Contracting with an external printer gives a country time to consider the appropriate next steps before the initial contract expires, normally in three to five years. 3/ Should the country wish to set up its own print works or change printers after the contract has expired, it is useful to arrange to take possession of the printing plates, and to have access to the paper and dyes used in the printing operation. 1/ Companies often resist this proposal, since it puts the customer in a stronger negotiating position for the next contract; but this, like everything else, is subject to negotiation, and the bidding can be reopened if the favored bidder resists (or it can be made a precondition for bidding).

3. Time required and cost of production and delivery

Printing quality bank notes is time-consuming and expensive. The main factors that influence cost are the size of the production run, the amount of detailed engraving involved, the number and types of anti-forgery features, and the types of paper and inks. While prices are subject to negotiation, they seem to range from US$25 to US$60 per thousand bills. 2/ Superior quality notes can be considerably more expensive, while simple lithographed “coupons” printed on low-quality paper, with either a continuous watermark or no watermark, may be produced for as little as US$7-US$12 per thousand units (see section VI.3). 3/ Needless to say, bids should be requested from several companies. Some countries have also voiced satisfaction with using two or more companies to handle the printing.

Table 2 outlines the main characteristics of various options in producing a new currency. As noted, the design stage can be the most time-consuming part of the production process. However, if the project is done as a rush job (which will raise the cost of production) and amendments not permitted, the bank notes can be produced relatively quickly. “Average” quality bank notes, without a detailed engraved portrait, can be produced in as little as four to five months, with the full shipment delivered in six to eight months. However, adding detailed engravings may increase the preparation time by two to three months. On the other hand, coupons can be prepared and delivered in about half the time needed to produce simple bank notes. The time to initial delivery would be at least twice as long under a normal production schedule (partly because more time and care would go into the design stage).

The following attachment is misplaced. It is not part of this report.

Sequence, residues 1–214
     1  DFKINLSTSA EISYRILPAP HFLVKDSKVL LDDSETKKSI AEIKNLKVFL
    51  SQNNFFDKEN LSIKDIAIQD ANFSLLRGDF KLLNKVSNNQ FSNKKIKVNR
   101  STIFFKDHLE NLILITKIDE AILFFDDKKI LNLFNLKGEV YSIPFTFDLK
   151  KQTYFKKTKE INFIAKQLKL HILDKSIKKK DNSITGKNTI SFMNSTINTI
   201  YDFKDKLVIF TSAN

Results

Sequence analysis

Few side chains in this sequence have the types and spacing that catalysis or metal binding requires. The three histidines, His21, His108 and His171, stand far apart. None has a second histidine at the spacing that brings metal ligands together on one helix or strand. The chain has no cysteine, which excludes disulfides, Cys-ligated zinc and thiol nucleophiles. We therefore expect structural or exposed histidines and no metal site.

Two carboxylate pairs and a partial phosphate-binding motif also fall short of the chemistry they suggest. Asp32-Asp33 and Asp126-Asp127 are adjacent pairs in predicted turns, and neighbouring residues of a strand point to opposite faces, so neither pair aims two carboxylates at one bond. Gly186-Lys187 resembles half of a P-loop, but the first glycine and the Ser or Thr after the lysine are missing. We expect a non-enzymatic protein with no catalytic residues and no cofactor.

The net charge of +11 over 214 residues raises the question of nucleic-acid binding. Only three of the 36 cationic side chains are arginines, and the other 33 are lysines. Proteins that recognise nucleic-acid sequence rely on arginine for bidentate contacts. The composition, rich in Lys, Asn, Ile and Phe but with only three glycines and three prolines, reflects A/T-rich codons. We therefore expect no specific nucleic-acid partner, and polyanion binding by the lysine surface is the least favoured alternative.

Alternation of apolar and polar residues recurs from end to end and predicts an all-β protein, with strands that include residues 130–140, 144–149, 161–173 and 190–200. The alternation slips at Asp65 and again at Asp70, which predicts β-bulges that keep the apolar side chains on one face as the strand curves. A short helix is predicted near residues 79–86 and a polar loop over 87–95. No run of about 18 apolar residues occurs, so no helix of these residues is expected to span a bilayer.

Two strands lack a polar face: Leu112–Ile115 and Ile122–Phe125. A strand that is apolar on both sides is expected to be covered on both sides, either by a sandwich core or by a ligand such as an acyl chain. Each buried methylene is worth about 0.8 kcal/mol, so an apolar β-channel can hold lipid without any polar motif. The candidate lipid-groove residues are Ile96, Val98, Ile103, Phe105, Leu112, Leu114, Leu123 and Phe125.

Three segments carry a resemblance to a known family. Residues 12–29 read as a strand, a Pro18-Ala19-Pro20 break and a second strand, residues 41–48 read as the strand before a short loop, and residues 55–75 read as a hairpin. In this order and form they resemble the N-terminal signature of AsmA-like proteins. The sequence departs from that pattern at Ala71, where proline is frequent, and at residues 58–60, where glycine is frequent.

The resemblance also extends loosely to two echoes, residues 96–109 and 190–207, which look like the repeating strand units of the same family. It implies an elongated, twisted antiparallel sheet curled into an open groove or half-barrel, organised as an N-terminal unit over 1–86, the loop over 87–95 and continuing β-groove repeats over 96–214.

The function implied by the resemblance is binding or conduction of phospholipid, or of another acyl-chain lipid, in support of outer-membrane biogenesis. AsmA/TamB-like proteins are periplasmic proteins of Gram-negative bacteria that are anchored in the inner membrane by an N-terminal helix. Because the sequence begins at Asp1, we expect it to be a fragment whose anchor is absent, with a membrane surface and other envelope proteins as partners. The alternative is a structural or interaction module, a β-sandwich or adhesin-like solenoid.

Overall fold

Table 2.

Options to Create New Currency--Characteristics of Options

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To initial delivery/final delivery/.

From counterfeiting.

Expected life of bank notes.

Assumes design decisions made quickly.

V. The Need for an Educational Campaign

It is highly desirable to educate the public about any new bank note series prior to its issuance, since it is easier for counterfeiters to pass bad bills before the public becomes familiar with the look and feel of an issue. The educational campaigns should be intense and informative, and begin prior to issuance of the new bank notes; for security reasons, however, color pictures of new bank notes should not be released until soon before issuance.

The campaign should seek to inform the public about the design, security features, and handling characteristics of the notes, withholding only special information about secret safety features that the central bank can use as the ultimate test of the validity of a note. Such campaigns usually include distributing brochures, press conferences, press releases, posters, and radio and television announcements (both with purchased time, and through the distribution of tapes and videos for public service announcements). Short films may also be distributed to museums, schools, etc. Foreign central and commercial banks should also be notified, and central banks and selected police organizations, e.g., Interpol, provided with samples of the new issue.